Treatment processes in the Single Pit (aerobic, anaerobic, dehydration, composting or otherwise) are limited and therefore, pathogen reduction and organic degradation is not significant. However, since the excreta are contained, pathogen transmission to the user is limited. Single Pits are appropriate for rural and peri-urban areas; Single Pits in urban or dense areas are often difficult to empty and/or have sufficient space for infiltration. Single Pits are especially appropriate when water is scarce and where there is a low groundwater table. They are not suited for rocky or compacted soils (that are difficult to dig) or for areas that flood frequently.
Health Aspects/Acceptance[edit | edit source]
A simple Single Pit is an improvement to open defecation; however, it still poses health risks:
- Leachate can contaminate groundwater;
- Stagnant water in pits may promote insect breeding;
- Pits are susceptible to failure/overflowing during floods.
Single Pits should be constructed at an appropriate distance from homes to minimize fly and odour nuisances and to ensure convenience and safe travel.
Upgrading[edit | edit source]
A Ventilated Improved Pit (VIP) is slightly more expensive but greatly reduces the nuisance of flies and odours, while increasing comfort and usability. For more information on the VIP please refer to the Single Pit VIP page. When two pits are dug side-by-side, one can be used while the contents of the other pit are allowed to mature for safer emptying. For more information on dual pit technologies refer to Double Pit VIP and Twin Pits for Pour Flush pages.
Maintenance[edit | edit source]
There is no daily maintenance associated with a simple Single Pit. However, when the pit is full it can be a) pumped out and reused or b) the superstructure and squatting plate can be moved to a new pit and the previous pit covered and decommissioned.
References[edit | edit source]
- Brandberg, B. (1997). Latrine Building. A Handbook for Implementation of the Sanplat System. Intermediate Technology Publications, London. (A good summary of common construction problems and how to avoid mistakes.)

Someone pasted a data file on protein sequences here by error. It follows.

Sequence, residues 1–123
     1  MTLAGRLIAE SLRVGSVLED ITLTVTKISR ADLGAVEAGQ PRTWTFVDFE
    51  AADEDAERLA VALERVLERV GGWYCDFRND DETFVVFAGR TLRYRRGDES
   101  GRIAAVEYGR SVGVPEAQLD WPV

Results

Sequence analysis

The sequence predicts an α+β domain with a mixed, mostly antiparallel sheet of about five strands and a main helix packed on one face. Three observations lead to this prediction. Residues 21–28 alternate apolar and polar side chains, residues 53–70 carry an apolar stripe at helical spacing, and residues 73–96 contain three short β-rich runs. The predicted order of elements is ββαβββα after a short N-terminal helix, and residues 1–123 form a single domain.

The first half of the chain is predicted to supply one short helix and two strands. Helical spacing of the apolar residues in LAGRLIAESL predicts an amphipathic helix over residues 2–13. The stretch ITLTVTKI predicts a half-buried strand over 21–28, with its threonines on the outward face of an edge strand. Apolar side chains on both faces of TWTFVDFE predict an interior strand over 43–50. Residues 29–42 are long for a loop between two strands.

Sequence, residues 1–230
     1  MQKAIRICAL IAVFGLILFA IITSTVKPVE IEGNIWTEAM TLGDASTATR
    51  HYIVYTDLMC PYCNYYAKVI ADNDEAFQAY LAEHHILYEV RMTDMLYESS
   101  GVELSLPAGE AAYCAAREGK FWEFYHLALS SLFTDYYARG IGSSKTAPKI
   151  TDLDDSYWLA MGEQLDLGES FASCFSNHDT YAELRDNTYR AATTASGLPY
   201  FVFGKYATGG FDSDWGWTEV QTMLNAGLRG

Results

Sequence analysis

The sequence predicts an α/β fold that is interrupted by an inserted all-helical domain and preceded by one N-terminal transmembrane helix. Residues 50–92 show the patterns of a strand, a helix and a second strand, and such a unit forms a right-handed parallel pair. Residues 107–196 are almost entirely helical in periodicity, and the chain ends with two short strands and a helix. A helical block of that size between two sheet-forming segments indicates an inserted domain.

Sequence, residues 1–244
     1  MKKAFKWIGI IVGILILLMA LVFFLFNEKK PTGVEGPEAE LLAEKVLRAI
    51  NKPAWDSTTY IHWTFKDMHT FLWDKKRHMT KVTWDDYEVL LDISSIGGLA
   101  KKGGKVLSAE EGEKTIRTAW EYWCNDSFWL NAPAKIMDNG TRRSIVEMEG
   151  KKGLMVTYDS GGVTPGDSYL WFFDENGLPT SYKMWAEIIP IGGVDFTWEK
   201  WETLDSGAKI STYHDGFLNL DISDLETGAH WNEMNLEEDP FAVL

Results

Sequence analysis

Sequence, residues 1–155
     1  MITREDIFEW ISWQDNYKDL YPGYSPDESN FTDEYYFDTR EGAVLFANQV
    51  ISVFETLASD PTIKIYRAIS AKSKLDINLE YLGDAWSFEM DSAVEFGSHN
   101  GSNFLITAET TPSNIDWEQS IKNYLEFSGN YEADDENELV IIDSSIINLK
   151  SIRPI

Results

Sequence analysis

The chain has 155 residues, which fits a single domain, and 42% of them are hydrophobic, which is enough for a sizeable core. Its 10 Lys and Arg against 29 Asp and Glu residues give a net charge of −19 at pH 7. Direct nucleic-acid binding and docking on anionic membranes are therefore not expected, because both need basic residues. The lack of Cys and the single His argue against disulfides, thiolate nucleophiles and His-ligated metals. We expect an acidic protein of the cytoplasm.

- Franceys, R., Pickford, J. and Reed, R. (1992). A guide to the development of on-site sanitation. WHO, Geneva. (For information on accumulation rates, infiltration rates, general construction and example design calculations.)
- Lewis, JW., et al. (1982). The Risk of Groundwater Pollution by on-site Sanitation in Developing Countries. International Reference Centre for Waste Disposal, Dübendorf, Switzerland. (Detailed study regarding the transport and die-off of microorganisms and implications for locating technologies.)
- Morgan, P. (2007). Toilets That Make Compost: Low-cost, sanitary toilets that produce valuable compost for crops in an African context. Stockholm Environment Institute, Sweden. (Describes how to build a support ring/foundation.)
- Pickford, J. (1995). Low Cost Sanitation. A Survey of Practical Experience. Intermediate Technology Publications, London. (Information on how to calculate pit size and technology life.)
Acknowledgements[edit | edit source]
Tilley, E. et al. (2008). Compendium of Sanitation Systems and Technologies, published by Sandec, the Department of Water and Sanitation in Developing Countries of Eawag, the Swiss Federal Institute of Aquatic Science and Technology, Dübendorf, Switzerland.
The publication is available in English, French, and will be made available in Spanish. Available in the IRC Digital Library
See also[edit | edit source]
Safety and risks[edit | edit source]
Clearly there is some dispute in terms as as Stenström et al  describe a large pit which may lined and used for 5-30 years and a composting toilet as a smaller container whereby material is stored for 6-12 months. The former is considered to be a low frequency medium (due to potential groundwater contamination) risk intervention, whereas the smaller composting toilet pit latrine is considered to be low frequency low risk as the material is contained and cannot leak. However, both may well need to be irregularly emptied in some way.
For more discussion on this, see Infection risk from Ecosan